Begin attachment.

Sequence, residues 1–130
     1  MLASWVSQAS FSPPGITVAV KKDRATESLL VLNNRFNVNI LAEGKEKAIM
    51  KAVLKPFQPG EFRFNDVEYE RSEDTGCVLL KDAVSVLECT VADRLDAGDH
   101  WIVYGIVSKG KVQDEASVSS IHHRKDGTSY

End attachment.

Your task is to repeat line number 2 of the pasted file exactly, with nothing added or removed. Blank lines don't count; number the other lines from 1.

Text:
     1  MLASWVSQAS FSPPGITVAV KKDRATESLL VLNNRFNVNI LAEGKEKAIM